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The Globe and Mail

Quebec to seek $409-million from MM&A for Lac-Mégantic disaster

Crews work in the area of the derailed tanker cars in Lac-Mégantic, Que., on July 14, 2013.


The Quebec government is adding its name to a list of creditors seeking money from the insolvent railway company at the heart of the Lac-Mégantic train disaster.

The government said Monday that it is seeking $409-million from the Montreal, Maine & Atlantic Railway for expenses incurred, and yet to come, that stem from the tragedy.

The Justice Department said it filed a claim on June 13. In it, the government said it has already spent $126-million in public funds and suggests that future costs relating to the rebuilding of Lac-Mégantic could be in excess of $283-million.

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The government warned the latter amount could change depending on how much is actually spent.

Forty-seven people were killed after a runaway train hauling tanker cars loaded with volatile crude oil broke loose and barrelled into the town in the early morning hours of July 6.

A large swath of the community's downtown was completely destroyed.

Three employees and the insolvent company itself have been charged criminally in the case.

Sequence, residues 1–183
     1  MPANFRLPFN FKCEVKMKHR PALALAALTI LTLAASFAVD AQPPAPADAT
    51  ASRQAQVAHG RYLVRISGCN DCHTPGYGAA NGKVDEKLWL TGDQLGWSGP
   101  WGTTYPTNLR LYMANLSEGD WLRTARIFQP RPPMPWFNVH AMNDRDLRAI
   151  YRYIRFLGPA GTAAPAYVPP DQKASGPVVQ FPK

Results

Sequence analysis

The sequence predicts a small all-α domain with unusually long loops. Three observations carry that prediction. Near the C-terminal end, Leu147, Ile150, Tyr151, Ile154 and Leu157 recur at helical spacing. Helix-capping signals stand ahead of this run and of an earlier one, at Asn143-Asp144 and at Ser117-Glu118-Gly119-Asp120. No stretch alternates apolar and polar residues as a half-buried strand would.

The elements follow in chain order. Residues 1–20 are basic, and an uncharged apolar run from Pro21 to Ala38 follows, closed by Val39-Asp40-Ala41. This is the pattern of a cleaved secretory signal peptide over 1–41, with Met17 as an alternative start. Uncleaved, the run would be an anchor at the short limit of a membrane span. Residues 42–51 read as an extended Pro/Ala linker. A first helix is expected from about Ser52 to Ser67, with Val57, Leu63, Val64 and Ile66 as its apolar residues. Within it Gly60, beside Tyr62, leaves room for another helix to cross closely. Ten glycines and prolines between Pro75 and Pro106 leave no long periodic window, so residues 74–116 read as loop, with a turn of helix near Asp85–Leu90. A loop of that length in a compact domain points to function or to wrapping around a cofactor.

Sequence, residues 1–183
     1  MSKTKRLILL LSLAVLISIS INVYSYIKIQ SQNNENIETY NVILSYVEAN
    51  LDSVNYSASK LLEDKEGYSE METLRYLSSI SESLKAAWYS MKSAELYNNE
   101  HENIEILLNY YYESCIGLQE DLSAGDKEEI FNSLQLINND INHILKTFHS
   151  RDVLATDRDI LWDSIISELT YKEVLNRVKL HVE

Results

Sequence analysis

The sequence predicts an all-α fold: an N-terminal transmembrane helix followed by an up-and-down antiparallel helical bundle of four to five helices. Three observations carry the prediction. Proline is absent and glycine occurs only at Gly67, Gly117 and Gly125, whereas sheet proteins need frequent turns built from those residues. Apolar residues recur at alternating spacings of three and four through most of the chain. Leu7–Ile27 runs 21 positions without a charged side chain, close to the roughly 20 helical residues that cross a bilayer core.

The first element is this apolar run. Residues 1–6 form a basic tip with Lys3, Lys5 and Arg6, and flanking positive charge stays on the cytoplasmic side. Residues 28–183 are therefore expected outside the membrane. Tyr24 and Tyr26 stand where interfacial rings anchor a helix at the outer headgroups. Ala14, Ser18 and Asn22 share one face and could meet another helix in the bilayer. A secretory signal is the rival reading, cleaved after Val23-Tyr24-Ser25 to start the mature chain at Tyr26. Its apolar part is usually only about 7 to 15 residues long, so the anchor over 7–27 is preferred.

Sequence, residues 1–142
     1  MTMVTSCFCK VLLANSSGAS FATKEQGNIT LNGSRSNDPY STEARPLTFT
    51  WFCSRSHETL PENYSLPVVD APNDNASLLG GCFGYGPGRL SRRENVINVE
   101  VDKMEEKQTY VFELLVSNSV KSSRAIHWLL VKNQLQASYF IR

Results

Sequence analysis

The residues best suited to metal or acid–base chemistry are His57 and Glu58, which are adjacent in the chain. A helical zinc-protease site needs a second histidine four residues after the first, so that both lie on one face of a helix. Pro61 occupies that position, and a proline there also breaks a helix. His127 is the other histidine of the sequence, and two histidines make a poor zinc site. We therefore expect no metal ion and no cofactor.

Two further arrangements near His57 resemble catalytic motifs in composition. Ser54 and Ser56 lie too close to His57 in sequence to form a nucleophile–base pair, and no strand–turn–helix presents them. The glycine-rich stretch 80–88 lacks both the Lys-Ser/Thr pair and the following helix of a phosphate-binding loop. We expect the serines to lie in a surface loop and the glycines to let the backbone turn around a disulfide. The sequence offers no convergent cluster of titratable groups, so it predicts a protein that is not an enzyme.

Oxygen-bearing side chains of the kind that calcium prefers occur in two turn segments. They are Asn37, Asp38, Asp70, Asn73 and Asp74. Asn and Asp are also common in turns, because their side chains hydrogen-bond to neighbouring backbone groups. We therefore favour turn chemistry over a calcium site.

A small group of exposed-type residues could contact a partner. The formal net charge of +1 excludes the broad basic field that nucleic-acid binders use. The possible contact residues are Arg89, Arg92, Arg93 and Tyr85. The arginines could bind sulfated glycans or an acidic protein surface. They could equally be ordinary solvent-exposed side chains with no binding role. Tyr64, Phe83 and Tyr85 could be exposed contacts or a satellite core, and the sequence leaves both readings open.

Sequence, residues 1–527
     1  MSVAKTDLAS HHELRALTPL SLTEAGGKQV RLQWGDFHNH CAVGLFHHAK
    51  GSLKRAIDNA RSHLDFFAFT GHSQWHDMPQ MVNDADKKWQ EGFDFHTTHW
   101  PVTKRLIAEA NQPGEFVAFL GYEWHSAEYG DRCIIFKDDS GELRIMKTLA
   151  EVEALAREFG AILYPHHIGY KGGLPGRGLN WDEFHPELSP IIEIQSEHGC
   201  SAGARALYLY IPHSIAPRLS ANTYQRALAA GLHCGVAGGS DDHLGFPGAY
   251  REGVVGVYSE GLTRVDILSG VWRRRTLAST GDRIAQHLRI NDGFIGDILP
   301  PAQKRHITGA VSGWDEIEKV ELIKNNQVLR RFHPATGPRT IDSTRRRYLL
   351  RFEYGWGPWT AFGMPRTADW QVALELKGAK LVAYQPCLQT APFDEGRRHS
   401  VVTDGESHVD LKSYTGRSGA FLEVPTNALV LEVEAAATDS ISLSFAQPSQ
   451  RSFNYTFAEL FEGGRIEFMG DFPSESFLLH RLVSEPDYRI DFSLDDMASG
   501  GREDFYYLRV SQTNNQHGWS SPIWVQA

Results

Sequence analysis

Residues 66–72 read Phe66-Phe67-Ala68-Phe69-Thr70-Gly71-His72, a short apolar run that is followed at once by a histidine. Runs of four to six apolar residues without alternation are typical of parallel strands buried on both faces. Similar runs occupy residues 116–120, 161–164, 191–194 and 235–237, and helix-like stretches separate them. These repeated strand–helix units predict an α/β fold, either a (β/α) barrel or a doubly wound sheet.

Justice Minister Stéphanie Vallée said in a statement the government is exercising its right to recoup taxpayer money, but it also believes that the first people to be paid in the process should be the citizens of Lac-Mégantic themselves.

"We must act responsibly and take all legal options available to us to recover the maximum [amount]," Vallée said, adding an agreement with those responsible is the most favourable outcome.

"If those responsible for the disaster, some of which have very substantial financial resources, proposed an arrangement to creditors, the government could then rely [on it], without penalizing those affected and in the interests of Quebeckers who defrayed the costs through their taxes."

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In the event the total funds accessible are the $25-million in insurance money available to MM&A, the government has already promised those affected in Lac-Mégantic will be the sole beneficiaries, Vallée said.

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